My latest FindLaw column explains the disagreement between the majority and dissent in Boumediene as partly a conflict between (1) checks and balances (maj); and (2) separation of powers (dis). If that shorthand is not sufficient to explain what I mean, please read the column. Here I want to raise an issue that was called to my attention by attorney and writer Doug Parker (who, among other things, has an excellent article on Justice Kennedy forthcoming in The Green Bag). In an email to me, Doug notes that Justice Kennedy's opinion in Boumediene states: "Some of [the petitioners] were apprehended on the battlefield in Afghanistan, others in places as far away from there as Bosnia and Gambia." The opinion goes on to treat all the petitioners the same.
As Doug says, and I agree, it is hardly self-evident that battlefield captives (i.e., people taken captive on a battlefield) should be entitled to the same procedural protections as people that the U.S. and its allies have essentially arrested or abducted. In wartime, non-combatants occasionally find themselves in active theaters of war, but we can assume that most of the people apprehended on the battlefield are in fact enemy combatants. By contrast, people scooped up from civilian life have a prima facie right to liberty. To permit them to be held without access to a civilian court (via habeas corpus or an adequate substitute) would put liberty at enormous risk.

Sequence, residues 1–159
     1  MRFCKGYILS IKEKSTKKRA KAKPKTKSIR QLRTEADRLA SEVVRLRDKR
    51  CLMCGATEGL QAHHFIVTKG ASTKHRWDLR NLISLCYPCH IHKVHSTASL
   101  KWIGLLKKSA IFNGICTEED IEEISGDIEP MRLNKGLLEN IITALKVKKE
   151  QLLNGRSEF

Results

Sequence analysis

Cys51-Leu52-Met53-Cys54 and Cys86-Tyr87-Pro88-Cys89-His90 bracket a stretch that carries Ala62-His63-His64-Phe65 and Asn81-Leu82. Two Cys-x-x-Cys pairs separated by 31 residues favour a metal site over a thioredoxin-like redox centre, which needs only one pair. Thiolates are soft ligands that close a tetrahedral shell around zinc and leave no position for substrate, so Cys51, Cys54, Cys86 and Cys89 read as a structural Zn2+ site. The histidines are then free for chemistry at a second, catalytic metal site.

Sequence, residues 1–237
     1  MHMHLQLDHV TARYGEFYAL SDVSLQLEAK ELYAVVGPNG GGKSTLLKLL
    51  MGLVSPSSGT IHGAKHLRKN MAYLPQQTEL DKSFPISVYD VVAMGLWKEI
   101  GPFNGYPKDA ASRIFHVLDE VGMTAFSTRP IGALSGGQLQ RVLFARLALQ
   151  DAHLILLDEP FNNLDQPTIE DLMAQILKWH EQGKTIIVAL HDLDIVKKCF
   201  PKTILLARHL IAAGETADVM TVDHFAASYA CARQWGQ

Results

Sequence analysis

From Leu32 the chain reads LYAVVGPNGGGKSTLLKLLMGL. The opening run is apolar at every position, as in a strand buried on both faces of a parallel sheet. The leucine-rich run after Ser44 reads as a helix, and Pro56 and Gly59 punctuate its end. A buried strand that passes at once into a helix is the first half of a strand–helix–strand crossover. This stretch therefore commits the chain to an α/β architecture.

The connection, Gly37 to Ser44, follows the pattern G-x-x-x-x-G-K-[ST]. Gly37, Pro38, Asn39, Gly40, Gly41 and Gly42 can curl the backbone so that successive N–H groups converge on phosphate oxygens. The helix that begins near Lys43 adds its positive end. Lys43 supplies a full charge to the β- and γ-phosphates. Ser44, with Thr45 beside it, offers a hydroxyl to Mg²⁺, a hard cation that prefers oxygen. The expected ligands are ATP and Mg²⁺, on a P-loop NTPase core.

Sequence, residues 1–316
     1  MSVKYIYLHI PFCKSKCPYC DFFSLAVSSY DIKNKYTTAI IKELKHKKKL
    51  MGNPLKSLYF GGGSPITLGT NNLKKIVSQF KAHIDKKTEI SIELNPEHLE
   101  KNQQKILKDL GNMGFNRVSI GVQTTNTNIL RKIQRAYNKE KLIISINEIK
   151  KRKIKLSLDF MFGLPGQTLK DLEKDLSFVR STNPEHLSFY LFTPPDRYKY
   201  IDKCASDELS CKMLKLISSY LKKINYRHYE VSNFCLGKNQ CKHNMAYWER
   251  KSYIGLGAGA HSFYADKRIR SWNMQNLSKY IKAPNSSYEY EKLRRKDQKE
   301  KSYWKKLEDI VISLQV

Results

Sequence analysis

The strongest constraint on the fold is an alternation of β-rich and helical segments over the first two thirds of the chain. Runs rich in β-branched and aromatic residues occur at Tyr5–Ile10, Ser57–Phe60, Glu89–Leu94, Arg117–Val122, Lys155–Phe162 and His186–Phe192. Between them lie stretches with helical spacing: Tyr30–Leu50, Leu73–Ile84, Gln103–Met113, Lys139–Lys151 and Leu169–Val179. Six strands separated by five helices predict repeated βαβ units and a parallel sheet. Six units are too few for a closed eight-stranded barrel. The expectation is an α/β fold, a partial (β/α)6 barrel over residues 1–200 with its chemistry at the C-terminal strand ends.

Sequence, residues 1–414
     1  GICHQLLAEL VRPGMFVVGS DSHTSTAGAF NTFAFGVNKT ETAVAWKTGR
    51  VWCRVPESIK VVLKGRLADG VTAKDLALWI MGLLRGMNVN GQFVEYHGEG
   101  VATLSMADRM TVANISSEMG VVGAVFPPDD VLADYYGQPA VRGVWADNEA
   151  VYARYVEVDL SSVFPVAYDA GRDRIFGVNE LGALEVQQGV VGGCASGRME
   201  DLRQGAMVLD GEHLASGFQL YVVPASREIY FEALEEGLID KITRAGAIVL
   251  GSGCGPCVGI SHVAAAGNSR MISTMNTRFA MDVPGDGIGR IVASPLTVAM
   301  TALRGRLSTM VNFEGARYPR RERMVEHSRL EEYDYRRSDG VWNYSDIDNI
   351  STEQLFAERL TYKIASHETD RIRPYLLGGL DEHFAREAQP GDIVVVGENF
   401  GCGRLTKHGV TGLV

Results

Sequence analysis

Although equal treatment for battlefield captives and other war-on-terror detainees is not inevitable, I want to offer a tentative defense of Justice Kennedy's treatment of them as such. Traditionally, prisoners of war have not been granted access to civilian courts--and given the possibility of detaining tens of thousands of POWs in a conventional war, with good reason. But POWs have protections that the Bush Administration has denied to the Gitmo detainees, and so it is fair to make the Administration pay the price: If you want to invoke the traditional exemption from civilian court scrutiny for POWs, treat your captives as POWs.
The best objection to this approach would note that terrorism suspects should not be classified as either POWs or conventional criminals; they occupy an intermediate status for which civilian courts are not the appropriate vehicle. I think there is something to this argument but it's worth noting that neither Congress nor President Bush has developed it in a coherent way: They have treated these suspects within the war paradigm, but simply as "unlawful" combatants. Ex Parte Quirin (the Nazi saboteur case) provides a place for the unlawful combatant category within U.S. law, but it is still an awkward fit for non-battlefield terrorism suspects. Accordingly, perhaps the best reading of Boumediene (and of Hamdi, Rasul and Hamdan as well) is that the Supreme Court is telling Congress and the President: If you want to create a new paradigm, we might consider how it fits within our constitutional system, but if you use the war paradigm, obey the rules we have.
Posted by Mike Dorf